The Oberlin Review

Huskies’ Dominance Hurts Competition, Interest in Women’s Basketball

Jack Brewster, Columnist

February 17, 2017

Filed under SPORTS, Sports Column

The University of Connecticut Huskies cemented the longest winning streak in the history of NCAA women’s basketball Monday night with a landmark 65–55 win over the University of South Carolina. The Huskies have broken the previous win streak record three times. This spring, they will vie for their fifth straight NCAA championship, which would be their 11th title since 2000. The Huskies are as close to a dynasty as it gets. But while their current win streak and dominance in recent years is fantastic for their fan base, the Huskies’ supremacy is damaging NCAA women’s basketball. Dynasties are only healthy for the growth of a sport up to a point. The Huskies are winning so often and by so much that they are ...

Cool or Drool: NBA Takes on Twitter

Dan Bisno, Columnist

February 10, 2017

Filed under SPORTS, Sports Column

Social media reveals unfiltered opinions and the true personalities of our favorite players in a way that interviews and journalistic pieces cannot. Current Los Angeles Clippers point guard Jamaal Crawford once inspiringly took to Twitter to write, “Thinking too much is the gift and the curse.” Filtered or unfiltered? Using the NBA as a case study, we can examine the significant impact of social media on a professional sports league. In 2009, the NBA introduced its notorious social media fine, which coincided with the largest increase in tweets of any year. Twitter is free for the masses, but to NBA stars, it costs at least a $25,000 subscription per year if they expect to get fined. The NBA imposes social...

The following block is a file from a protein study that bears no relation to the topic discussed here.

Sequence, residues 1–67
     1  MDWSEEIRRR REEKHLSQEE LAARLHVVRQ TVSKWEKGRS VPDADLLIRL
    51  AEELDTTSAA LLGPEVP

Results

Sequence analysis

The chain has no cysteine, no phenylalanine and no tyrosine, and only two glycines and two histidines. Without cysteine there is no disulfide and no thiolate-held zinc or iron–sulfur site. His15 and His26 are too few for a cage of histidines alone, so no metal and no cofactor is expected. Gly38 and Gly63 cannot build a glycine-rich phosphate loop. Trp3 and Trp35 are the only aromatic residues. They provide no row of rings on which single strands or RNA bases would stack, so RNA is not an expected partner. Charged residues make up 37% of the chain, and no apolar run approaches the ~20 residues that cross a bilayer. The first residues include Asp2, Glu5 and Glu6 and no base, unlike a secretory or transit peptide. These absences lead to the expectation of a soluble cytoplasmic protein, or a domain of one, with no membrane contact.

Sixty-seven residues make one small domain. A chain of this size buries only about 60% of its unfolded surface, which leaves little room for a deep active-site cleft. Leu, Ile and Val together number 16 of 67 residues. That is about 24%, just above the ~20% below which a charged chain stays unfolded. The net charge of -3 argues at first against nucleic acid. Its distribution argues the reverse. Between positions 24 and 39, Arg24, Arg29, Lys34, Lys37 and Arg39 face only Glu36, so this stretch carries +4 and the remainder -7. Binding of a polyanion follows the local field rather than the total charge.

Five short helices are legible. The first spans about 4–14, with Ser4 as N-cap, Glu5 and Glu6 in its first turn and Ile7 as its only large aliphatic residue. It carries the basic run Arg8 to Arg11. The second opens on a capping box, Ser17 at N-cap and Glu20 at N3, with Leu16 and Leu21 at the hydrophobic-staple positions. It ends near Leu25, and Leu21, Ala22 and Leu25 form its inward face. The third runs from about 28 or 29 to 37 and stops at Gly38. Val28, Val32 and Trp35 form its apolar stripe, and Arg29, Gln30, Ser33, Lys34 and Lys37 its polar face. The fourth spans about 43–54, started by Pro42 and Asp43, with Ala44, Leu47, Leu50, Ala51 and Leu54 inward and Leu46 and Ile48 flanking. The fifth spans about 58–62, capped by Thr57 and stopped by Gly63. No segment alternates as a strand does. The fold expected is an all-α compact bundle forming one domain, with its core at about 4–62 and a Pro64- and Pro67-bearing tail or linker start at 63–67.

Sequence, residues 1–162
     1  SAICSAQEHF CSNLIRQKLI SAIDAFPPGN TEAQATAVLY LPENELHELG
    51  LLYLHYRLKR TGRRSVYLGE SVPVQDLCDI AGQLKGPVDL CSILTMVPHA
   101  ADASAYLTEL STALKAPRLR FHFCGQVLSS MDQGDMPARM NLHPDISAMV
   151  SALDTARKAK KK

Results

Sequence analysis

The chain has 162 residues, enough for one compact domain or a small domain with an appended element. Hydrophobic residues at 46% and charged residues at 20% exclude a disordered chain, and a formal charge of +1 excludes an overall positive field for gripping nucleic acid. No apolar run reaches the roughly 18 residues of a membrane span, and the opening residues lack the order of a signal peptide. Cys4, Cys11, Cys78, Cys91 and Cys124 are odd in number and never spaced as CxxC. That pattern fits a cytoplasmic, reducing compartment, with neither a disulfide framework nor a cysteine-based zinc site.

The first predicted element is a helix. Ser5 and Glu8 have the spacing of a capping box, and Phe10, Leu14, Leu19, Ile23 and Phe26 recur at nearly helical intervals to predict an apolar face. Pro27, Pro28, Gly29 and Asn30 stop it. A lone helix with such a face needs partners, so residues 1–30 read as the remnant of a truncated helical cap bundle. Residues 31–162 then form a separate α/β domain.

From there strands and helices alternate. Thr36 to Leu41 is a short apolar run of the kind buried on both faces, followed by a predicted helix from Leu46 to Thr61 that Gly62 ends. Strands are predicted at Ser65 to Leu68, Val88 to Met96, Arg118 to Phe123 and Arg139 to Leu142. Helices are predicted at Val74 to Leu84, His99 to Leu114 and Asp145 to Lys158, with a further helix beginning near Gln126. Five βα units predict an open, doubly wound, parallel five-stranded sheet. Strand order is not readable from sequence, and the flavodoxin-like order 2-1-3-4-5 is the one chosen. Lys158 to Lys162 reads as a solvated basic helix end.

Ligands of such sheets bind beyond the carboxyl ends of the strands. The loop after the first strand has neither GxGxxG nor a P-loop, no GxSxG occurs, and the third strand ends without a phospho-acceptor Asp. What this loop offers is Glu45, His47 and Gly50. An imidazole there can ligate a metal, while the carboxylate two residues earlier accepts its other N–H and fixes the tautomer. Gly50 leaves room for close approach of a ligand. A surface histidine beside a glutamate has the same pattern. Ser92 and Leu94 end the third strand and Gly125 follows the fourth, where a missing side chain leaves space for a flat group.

Athletes Voice Dissent with New Administration

Jack Brewster, Columnist

February 3, 2017

Filed under SPORTS, Sports Column